Even where misconduct at work is stringently managed, organizations and educational institutions should not underestimate the importance of conducting an ethical audit to work on quality control, consistency, and accountability.
An audit is the best way to illuminate the gaps and the corrective action needed to maintain a consistent testing program.
An ethical audit is a full inspection/examination of processes and Proctor procedures to ensure a consistent and standardized experience. It is an investigation into how well, or poorly a Proctor is representing, out in the field.
An effective audit is designed for an Auditor to experience the process and glean how effective the Proctors are at relaying the core values and how well they implement policies and procedures during the test. Such an audit allows a snapshot of how closely a Proctor follows the rules, as well as how far they comply with policies and ethical standards.
Ethics and compliance in proctoring are so deeply intertwined. The combination of behavior and compliance is key. In many cases, compliance problems stem from ethical lapses, although a Proctor may be fully compliant yet still engage in unethical practices.
That is why many organizations and ethical institutions conduct ethical audits. Conducting an ethical audit can be crucial in the detection of any impropriety that would otherwise go unchecked. This can include uncovering a myriad of situations that could be prevented by putting a system of accountability in place.
The ethical audit is not only to ensure that prohibited practices do not take place on test day, but behaviors advocated in an organizations code of conduct, and within its written policies and procedures, actually exist in practice.
Ethics and Integrity is the choice between what’s convenient and what’s right. Reinforcing good execution and behavior of any organization relies on an Auditor to confront poor execution and behavior and endorse proper and conforming behavior, and not simply “look the other way” when pressured from above or by budget. If you wish to perform a value-added service with your audits and reports, you have a duty to utilize ethical practices in your audits, for the good of your own reputation, and the good of the company paying you to audit their work.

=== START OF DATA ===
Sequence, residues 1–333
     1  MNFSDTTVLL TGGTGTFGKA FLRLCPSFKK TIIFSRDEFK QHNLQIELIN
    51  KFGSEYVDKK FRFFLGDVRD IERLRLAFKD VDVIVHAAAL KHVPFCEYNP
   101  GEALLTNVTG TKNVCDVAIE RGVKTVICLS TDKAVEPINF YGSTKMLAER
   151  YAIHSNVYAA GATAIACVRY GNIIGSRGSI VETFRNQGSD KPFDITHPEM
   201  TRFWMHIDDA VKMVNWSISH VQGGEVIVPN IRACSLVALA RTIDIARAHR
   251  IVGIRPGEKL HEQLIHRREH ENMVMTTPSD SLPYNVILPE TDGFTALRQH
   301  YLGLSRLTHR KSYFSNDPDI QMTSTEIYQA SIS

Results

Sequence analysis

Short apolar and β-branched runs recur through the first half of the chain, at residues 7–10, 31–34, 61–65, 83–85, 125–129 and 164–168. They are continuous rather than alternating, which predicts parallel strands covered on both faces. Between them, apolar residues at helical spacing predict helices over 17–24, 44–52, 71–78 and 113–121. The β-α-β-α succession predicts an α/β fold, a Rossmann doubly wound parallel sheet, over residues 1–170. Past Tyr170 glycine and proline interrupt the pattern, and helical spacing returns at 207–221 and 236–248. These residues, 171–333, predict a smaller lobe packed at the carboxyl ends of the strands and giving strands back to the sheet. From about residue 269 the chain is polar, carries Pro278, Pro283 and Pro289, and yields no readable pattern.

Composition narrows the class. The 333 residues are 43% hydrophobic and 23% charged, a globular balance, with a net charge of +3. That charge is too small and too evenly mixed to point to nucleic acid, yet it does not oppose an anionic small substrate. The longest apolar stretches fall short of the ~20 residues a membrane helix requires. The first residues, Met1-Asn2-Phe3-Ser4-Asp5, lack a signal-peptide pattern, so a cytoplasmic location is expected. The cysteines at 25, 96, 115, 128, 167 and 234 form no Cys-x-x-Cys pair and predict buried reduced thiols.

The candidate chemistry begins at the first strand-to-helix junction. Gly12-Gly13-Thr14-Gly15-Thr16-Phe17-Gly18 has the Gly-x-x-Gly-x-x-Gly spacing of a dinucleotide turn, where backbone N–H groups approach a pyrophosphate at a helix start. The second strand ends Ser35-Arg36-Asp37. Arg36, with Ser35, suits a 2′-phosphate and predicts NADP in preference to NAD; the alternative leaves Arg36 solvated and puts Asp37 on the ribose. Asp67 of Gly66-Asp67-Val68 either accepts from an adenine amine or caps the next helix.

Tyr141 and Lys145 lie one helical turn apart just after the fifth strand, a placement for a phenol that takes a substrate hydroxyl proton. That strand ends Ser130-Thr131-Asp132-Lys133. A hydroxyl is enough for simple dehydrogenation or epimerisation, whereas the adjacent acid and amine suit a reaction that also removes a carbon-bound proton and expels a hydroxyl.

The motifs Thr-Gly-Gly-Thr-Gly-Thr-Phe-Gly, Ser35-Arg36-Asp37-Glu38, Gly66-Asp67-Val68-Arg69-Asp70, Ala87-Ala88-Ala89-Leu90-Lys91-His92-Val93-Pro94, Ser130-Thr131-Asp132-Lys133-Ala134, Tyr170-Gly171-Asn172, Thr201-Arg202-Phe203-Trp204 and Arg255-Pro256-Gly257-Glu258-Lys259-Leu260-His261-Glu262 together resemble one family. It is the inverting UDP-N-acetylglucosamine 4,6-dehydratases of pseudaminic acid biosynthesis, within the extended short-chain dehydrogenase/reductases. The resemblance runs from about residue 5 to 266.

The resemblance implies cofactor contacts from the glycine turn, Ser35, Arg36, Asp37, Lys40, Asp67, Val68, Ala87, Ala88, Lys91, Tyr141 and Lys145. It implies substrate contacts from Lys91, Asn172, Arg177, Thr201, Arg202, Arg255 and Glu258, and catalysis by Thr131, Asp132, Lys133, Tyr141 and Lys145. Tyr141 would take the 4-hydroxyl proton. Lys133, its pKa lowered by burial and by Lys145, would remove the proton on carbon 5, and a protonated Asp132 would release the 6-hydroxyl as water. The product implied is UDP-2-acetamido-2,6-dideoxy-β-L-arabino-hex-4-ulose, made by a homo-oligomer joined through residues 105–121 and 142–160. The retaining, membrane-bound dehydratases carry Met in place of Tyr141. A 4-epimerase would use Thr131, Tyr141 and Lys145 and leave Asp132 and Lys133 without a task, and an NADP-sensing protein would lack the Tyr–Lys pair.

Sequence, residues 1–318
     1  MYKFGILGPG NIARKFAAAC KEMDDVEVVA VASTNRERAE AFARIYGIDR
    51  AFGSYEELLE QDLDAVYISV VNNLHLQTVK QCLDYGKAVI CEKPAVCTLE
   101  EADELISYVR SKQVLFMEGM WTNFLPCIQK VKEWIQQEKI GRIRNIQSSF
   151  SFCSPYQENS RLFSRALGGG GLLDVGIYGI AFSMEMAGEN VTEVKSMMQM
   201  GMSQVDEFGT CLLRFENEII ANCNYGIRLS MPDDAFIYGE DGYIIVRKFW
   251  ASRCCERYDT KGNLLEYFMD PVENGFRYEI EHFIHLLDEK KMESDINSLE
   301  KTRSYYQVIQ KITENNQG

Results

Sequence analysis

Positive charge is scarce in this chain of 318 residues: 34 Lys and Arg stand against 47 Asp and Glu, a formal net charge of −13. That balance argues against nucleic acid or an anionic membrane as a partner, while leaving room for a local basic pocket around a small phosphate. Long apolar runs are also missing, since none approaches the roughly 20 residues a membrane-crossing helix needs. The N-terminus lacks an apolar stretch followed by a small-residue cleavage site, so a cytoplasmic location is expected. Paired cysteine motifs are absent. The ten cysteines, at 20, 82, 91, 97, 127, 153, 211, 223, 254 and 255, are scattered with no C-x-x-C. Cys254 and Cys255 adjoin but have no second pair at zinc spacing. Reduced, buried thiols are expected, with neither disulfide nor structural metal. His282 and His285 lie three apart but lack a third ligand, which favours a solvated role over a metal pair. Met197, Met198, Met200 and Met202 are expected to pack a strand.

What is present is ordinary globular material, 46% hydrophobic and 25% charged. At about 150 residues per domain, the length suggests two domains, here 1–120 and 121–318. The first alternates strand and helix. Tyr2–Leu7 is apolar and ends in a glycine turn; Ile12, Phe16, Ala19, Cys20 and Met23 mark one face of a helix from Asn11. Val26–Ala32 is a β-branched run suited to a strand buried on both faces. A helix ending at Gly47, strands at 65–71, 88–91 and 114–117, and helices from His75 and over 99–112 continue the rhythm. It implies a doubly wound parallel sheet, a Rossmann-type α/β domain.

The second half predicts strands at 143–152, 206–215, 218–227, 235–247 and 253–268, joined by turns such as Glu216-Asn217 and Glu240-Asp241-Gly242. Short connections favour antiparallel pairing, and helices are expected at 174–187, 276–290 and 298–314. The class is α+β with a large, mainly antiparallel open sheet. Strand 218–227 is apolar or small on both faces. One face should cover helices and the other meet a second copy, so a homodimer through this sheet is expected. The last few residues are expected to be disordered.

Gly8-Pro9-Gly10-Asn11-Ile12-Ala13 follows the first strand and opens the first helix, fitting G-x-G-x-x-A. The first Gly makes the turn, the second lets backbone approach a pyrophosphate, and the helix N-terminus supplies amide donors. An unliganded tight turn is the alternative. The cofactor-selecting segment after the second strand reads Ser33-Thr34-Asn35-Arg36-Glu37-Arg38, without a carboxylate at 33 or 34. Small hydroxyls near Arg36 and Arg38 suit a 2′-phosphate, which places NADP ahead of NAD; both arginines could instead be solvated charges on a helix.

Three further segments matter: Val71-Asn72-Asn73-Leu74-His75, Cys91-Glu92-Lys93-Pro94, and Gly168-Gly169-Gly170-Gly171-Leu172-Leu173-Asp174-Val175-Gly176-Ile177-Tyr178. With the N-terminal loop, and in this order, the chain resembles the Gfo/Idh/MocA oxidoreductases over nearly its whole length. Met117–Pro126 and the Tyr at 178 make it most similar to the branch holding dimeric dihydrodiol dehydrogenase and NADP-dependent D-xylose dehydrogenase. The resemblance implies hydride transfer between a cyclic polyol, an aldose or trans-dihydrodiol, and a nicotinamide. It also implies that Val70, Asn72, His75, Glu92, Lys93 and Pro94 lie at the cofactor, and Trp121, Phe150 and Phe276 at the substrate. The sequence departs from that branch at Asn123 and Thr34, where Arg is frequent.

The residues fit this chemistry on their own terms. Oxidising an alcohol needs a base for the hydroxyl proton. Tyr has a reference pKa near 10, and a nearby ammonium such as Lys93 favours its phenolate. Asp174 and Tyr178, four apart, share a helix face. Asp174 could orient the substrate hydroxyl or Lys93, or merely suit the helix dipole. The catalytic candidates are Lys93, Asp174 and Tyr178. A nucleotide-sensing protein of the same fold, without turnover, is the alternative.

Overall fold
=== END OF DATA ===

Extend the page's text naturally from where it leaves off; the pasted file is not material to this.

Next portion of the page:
Ethics is a personal choice, it’s a personal compass that dictates right from wrong but unfortunately, it’s not always common sense. Being an Auditor, they may face situations where reporting bad behavior may not be what the client wants to hear. The issue stems from a bias in the industry that is hard to avoid. The people who asked for the audit are paying for the audit and therefore hold perceived power over the Auditor. Therefore, an Auditor should never show favoritism to any Certification Body to produce favorable results for fear that client will jump ship to another provider. While this is an industry norm, it still produces scenarios where the potential for “letting something slide” is easily allowed. This, however, is not ethical and tarnishes the whole perceived image of certified entities.
To be a successful Auditor, they must be fair and trustworthy, and willing to give the true depiction of the facts versus being popular. They must have the ability to push through difficult situations and then work with people in a constructive manner.
Being honest should be any professional Auditor’s and Proctor’s core values. Being honest is the foundation of professional proctoring and the only way to survive in a security-based industry.
A good Auditor will always look thoroughly into the matter before forming any opinion, clearing any biases, and not allowing experience to cloud judgment. While all bias cannot be removed due to the transactional relationship it is imperative the Auditor remain neutral. To have true success at the audit, it is essential to maintain a low key, minimal impact on the testing procedures to get a true picture of how the Proctor operates. This is where educational institutions, and certification bodies will have the opportunity to get an on-site view of what happens when they are not there. If the Proctor and candidates aren’t exposing the true nature of their shortcomings, they will not be able to get to the root of the issues.
An Auditor only has a limited amount of time to sample the largest picture possible of the test day and evaluate if the Proctor is successfully following the requirements and standards of the institution they are representing. Objectivity and organization are the pathway to a successful audit. By having a specific set of expectations and objectives and a focused approach, the Auditor can put the best foot forward on gleaning as much information as possible.
If you are ready to audit your exam process, Proctors, Inc. can connect you with professional test site Auditors to work with you to develop the auditing tools needed for evaluating your exam administrations, as well as the effectiveness of the security surrounding your exams. Whether un-announced or announced, our Auditors provide an objective view of your test day from start to finish.
By having Proctors, Inc. connect you with your third-party Auditor, they will illuminate areas for accountability, and offer solutions for change. An audit is an opportunity for improvement and when orchestrated properly is an effective tool.